With each step I drew closer to the ultimate symbol of human destruction. Fear and sorrow overcame me and I was struck silent. I could not put my feelings into words, but could the old woman beside me? She was repeating a walk she had taken more than 60 years before. I was walking into the infamous Nazi death camp of Auschwitz-Birkenau for the first time.
This was in June 2009, but the memories still are vivid. I crossed into the camp with five other students and a woman who spent six months in the camp where more than a million others perished.
As we walked through the camp, our survivor recounted her daily routine in Auschwitz—nothing but obeying Nazi orders. She described the brutal treatment of the inmates and rolled up her sleeve to show me the number the Nazis tattooed on her forearm when she was a teenager. It still showed plainly.
She was sent to Auschwitz with two of her sisters, one of whom was sick and spent time in the camp “hospital,” though this did not mean she was granted any privileges. In fact, death was imminent for almost every Jewish prisoner. However, in January 1945, as Soviet forces approached to liberate Auschwitz, this woman and her two sisters were marched back through the camp gates by their captors. Unlike many Auschwitz inmates, the three survived their last trial—a forced march through the brutally cold Polish winter.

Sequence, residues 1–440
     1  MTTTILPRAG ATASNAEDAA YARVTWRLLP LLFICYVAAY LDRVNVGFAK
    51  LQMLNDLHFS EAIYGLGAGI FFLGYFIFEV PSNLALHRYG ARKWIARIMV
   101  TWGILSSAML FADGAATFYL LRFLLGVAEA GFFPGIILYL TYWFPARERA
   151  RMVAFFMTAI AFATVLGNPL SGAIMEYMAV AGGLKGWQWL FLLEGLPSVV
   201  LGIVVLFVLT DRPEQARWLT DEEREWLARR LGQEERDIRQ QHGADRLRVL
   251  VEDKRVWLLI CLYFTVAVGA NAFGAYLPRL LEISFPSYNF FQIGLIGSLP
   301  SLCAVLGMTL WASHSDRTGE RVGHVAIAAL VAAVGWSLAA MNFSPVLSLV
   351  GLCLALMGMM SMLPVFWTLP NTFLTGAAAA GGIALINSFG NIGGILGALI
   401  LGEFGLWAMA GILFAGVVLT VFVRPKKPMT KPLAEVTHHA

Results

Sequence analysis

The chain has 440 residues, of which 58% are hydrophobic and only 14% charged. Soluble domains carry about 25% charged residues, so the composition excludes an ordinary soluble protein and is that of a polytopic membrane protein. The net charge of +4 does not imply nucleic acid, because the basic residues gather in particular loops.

We approached the other side of the camp, where the remains of the former crematorium can still be seen. Lighting a candle to commemorate all of those who perished in the Holocaust gave me an inkling of hope. So did the woman standing next to me, who showed enormous strength as she relived her past.
Memories of this place and time are part of her legacy.
But how should we remember the Holocaust, an event so historically important and equally traumatizing? Do some of us have more of an obligation to study this event than others? On my trip to Poland and to Auschwitz, I was the only non-Jew in our group. I felt a sort of disconnect from the rest of the group in that respect; people would talk about their relatives who perished during the Holocaust, and some were even able to find their tombstones in the Warsaw cemetery. Part of me felt guilty that I could not relate.
But my experiences have taught me that the Holocaust was a tragedy that affected humankind as a whole, and it is important for me to engage with it, too. Does history silently resolve itself as time passes? Do these issues become increasingly trivial? I don’t think so.
The last of the Holocaust survivors are growing old, their numbers diminishing each day. Consequently, it is essential that we listen to survivors’ stories and record their testimonies in order to document the Holocaust. I have had the opportunity to work with a couple of survivors and to listen to many others share their stories. Awareness of Holocaust history and human rights is an ongoing project for me; it should be for all of us.